Disease Returns for Seema

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Former Face of Cancer Research “Planning Funeral”

The former face of Cancer Research has said she is drawing up plans for the ‘perfect funeral’ after she confirmed the disease had returned.

 

Seema Jaya Sharma has been sorting out a DJ, a playlist and checking off her to-do list in preparation of her final send off.

 

“My hair is going to look just right and I’ve got my outfit ready,” she says.

 

“I’ve sorted the DJ, the playlist, I’ve got the caterers checked and booked, the video to thank everyone for coming… everything’s sorted. I’ve planned plenty of parties but this one’s a bit different.

 

“Because this is one is my funeral.”

 

38-year-old Seema is a mother of two and was once the national face of Cancer Research. She amazed doctors when she went on to beat the disease three times.

 

However, she was given the dreaded news a couple of weeks ago when doctors confirmed the condition was back and nothing could be done to cure it this time.

 

She has prepared her children Kalvin, 17, and Shanti, eight, for her death and wants people to remember her as a fighter and not a victim.

 

“The doctor said let’s do a CT scan, and there it was, ‘Tumours in the brain, sorry, we can’t do anything.’ I was upset for my mum at first, and my kids. But there’s no point dwelling on it.”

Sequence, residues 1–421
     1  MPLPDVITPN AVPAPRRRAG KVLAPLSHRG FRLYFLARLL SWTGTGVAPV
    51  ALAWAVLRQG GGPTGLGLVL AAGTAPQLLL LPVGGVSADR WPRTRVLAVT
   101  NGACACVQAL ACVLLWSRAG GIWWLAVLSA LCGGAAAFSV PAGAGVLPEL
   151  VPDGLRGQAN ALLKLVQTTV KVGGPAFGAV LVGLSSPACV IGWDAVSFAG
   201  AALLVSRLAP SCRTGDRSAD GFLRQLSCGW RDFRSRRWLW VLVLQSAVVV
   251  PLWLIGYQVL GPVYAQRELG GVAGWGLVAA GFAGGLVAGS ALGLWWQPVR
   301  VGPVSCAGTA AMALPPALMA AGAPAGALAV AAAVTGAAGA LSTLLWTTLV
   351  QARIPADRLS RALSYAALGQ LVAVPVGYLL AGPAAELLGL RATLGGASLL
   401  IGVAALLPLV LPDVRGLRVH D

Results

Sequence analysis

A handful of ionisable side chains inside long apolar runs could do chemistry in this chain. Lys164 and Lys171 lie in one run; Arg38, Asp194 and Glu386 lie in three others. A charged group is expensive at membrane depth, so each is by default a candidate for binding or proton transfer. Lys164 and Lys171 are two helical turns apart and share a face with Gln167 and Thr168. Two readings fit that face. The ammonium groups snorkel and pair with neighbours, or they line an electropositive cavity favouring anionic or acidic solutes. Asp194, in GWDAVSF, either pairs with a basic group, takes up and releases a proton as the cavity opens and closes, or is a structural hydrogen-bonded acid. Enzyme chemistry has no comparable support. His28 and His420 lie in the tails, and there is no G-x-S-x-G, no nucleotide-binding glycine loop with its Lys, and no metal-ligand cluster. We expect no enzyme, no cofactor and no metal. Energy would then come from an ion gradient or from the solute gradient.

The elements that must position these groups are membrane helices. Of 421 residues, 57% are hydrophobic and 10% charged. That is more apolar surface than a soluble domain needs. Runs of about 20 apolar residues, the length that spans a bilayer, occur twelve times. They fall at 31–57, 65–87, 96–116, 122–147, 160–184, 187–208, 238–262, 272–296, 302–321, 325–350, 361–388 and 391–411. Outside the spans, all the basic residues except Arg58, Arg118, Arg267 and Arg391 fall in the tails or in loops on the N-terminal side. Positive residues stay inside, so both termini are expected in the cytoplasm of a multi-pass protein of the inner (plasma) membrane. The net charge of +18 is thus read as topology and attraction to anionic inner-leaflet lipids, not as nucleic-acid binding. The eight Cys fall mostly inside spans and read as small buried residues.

“At the moment I have fluid all around my lungs and my heart and the cancer is in the lungs, the liver and all over my bones.

 

“But what’s killing me most is the seven tumours in my brain. Because it’s in the brain, they don’t know when it could hit. Or the lungs could collapse or the heart could give up. It could be anything at any time. I could be gone when you’re reading this. But, you know, I’m all right with it.

 

“Radiotherapy would give me maybe another few weeks, but for the side-effects. I don’t want that. I don’t want to lose my hair now – I just got my fade done right!”

 

“We are all going to die one day. I don’t see why it should be perceived as such a negative. I’ve suffered a lot and now I’m ready to be free. It’s not a bad thing. It’s the next thing in the cycle.

 

“I’m excited to see what happens next, rather than sitting here in pain. Soon I won’t be able to do much. So what’s the point in hanging around?

 

“People talk for years about ‘I lost my mum to cancer’ and it consumes them, puts them in a rut. I can’t have that.

 

“If they’re like that… I’ll be coming to haunt them!”

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